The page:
Holiday Pet Safety

black cat with lights

Fromage says, "Lights? What lights? I don't know how they got that way."

by Karen  Sable, Guest Columnist

The holidays are a special time of the year, filled with friends and family, parties and food, presents and decorations. The holiday season is also, unfortunately, one of the busiest times for emergency veterinary hospitals, since all of the festivities expose our furry family members to a multitude of dangers that can result in illness and injury.

As a loving pet parent, we naturally want to share the joy of the holidays with our pets. I don’t mind admitting that each of my six cats has a stocking hanging above the fireplace, and I know that “Santa Claws” will be bringing them presents since they all have been very good this year. (With the possible exception of Tasha, who decided to squeeze into a small crawlspace between my basement and first floor, forcing me to miss an event I was to attend while I completely dismantled the drop ceiling to get to her.)

To make sure that the holidays are a happy time for you and your pet, not a time for a trip to the animal hospital, it’s important to be aware of the seasonal dangers, and to take precautions to avoid exposing your pet to these potential hazards:

two tortoiseshell cats eating cheesecake filling

Two Naughty Torties Eating Cheesecake Filling

Food Related Items

  • Many of the yummy foods we enjoy during the holidays can cause problems for our pets. Rich, fatty foods can cause upset stomachs and even lead to pancreatitisChocolate, coffee, and tea contain components called xanthines which can damage dogs’ and cats’ nervous system and urinary system, and also over-stimulate their heart muscle. Dark chocolate and baking chocolate are the worst, but to be safe, any chocolate, fudge, or other candy should be kept out of reach of your pet. Many people add raisins and nuts to their holiday cakes and cookies, but raisins and grapes can cause kidney damage, and Macadamia nuts can be toxic, affecting both the digestive and nervous systems. The artificial sweetener Xylitol, used in many “sugar free” baked goods, as well as in candy, gum, and even breath mints, can also be toxic. Uncooked meat, poultry, or fish can be a source of danger, as it may contain bacteria, such as E.coli, or even parasites. Even uncooked yeast dough, if eaten by a dog or cat, can cause serious problems. As it expands, it produces gas, which can not only cause considerable pain, but can even lead to a rupture of the stomach or intestines.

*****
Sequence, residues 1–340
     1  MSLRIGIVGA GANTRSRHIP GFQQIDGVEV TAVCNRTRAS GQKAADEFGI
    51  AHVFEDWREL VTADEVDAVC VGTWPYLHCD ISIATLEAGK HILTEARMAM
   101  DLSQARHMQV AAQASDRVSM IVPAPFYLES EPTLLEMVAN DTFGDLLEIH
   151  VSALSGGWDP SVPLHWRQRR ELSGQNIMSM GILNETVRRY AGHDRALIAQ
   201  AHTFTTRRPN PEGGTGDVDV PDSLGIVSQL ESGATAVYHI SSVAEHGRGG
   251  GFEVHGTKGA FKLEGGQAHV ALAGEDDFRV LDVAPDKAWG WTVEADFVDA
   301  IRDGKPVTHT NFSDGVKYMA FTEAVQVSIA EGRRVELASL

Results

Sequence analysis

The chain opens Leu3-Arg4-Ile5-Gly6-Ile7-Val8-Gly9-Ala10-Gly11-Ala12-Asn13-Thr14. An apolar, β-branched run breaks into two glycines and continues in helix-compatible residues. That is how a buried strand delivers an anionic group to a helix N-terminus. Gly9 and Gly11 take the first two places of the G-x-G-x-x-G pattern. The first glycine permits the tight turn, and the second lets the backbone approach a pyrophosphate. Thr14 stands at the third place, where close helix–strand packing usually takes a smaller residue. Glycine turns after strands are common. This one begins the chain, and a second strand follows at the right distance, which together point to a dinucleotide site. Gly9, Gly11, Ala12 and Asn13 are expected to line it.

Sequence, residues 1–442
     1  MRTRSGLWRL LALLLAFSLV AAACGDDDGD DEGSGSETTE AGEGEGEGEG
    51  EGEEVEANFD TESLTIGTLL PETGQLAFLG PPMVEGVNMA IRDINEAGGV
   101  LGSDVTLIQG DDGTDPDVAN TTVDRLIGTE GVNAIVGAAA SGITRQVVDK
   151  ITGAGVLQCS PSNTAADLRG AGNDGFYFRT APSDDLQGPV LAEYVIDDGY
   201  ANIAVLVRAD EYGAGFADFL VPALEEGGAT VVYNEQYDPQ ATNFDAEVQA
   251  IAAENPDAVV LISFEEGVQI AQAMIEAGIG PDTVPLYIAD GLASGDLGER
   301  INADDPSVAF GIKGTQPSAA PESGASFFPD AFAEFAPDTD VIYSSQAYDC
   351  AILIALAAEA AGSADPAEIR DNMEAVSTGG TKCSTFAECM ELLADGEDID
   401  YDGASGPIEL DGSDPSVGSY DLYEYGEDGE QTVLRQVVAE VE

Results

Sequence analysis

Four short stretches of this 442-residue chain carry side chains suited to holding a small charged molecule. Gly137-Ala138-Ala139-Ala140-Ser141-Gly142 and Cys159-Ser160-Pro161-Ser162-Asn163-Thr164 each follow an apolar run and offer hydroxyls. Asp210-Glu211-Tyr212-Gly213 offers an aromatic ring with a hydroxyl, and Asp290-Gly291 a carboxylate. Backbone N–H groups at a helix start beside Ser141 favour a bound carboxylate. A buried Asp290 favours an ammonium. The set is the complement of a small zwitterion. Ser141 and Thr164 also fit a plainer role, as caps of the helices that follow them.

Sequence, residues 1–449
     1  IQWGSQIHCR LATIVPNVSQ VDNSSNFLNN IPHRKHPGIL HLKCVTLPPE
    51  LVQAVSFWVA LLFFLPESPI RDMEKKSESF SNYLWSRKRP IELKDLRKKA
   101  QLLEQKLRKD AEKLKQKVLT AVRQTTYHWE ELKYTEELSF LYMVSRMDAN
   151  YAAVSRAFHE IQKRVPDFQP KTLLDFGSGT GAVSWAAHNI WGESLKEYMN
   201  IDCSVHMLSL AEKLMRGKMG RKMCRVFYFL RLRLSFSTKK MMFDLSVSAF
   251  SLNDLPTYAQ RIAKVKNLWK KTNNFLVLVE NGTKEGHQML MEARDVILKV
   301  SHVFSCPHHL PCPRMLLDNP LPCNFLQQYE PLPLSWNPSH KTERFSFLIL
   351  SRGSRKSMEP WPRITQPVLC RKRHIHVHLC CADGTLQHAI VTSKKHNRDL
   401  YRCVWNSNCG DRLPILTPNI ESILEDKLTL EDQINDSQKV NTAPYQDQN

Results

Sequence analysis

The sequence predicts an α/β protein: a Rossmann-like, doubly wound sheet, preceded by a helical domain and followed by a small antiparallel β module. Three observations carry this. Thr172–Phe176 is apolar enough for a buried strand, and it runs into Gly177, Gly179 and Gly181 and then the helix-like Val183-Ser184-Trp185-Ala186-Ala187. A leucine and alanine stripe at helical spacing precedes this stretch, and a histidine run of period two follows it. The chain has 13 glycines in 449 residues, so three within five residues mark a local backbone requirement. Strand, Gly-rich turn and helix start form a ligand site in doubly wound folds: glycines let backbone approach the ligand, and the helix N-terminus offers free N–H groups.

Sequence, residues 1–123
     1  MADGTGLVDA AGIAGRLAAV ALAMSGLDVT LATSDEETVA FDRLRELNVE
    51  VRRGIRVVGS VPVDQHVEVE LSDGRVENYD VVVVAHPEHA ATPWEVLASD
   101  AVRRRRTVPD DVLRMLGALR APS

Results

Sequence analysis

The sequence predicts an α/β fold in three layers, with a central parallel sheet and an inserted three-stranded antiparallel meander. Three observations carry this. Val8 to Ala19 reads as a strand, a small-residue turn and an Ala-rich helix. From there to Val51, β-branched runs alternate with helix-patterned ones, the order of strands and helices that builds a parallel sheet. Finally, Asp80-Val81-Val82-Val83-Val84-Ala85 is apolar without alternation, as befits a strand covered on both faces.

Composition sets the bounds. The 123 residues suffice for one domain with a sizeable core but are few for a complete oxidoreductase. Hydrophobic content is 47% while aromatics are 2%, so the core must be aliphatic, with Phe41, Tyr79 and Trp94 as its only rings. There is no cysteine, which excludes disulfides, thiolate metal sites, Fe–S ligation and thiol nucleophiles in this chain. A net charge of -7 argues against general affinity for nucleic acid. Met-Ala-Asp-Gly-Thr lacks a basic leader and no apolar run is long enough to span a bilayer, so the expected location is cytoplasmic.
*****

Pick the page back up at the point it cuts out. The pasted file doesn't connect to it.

• Don’t forget about bones from poultry, meat, or fish. Not only can they be a choking danger, but they can also splinter into jagged pieces and cause lacerations in the mouth, throat, and intestines. Dogs and cats have a great sense of smell, so even food/meat juices on aluminum foil or plastic wrap left on countertops can be very tempting, and can cause choking or an intestinal blockage.  The same goes for things like the strings used to wrap roasts.
  • Be sure not to leave food laying out where your pet can get to it, and make sure your garbage cans are also secure. “Dumpster diving” can be hazardous to your pet, as the garbage contains all kinds of hazards, from plastic wrap and bags, cooked and uncooked food trimmings, bones, 6-pack beverage holders, ribbons, tinsel, etc.
  • If you are serving any alcoholic beverages during the holidays, you also need to be careful to keep them away from your pet. Alcohol can cause serious intoxication, and can be fatal with just a small amount. Dogs and cats can be tempted by the sweet taste of drinks, such as eggnog, so make sure they are kept out of your pet’s reach, and that the glasses used for those drinks are not left laying around.
black cat with gift

Giuseppe investigates a gift.

Decorations and trees

  • Many of us fill our homes with beautiful decorations for the holidays, but these can be dangerous to our pets if some common sense precautions are not taken. If you are going to put up a Christmas tree, make sure it is in a stable stand, and secure it to a wall or window with twine or fishing line. I learned first hand a few years ago just how quickly one cat can topple a fully decorated tree I thought was secure in its stand, and I now tie my tree top to my drapery rod with fishing line.
  • Cats in particular are attracted to things like tinsel which, if  ingested, can cause blockages requiring surgery. If your tree is at all accessible to your pet, it would  probably be safest to avoid decorating it with tinsel or angel hair at all, and using a more pet friendly decoration. If you use any food items at all to decorate your tree, some caution is necessary.  Candy canes and gingerbread ornaments can be tempting. Likewise, garlands strung with popcorn or berries can pose choking hazards or cause obstructions if ingested.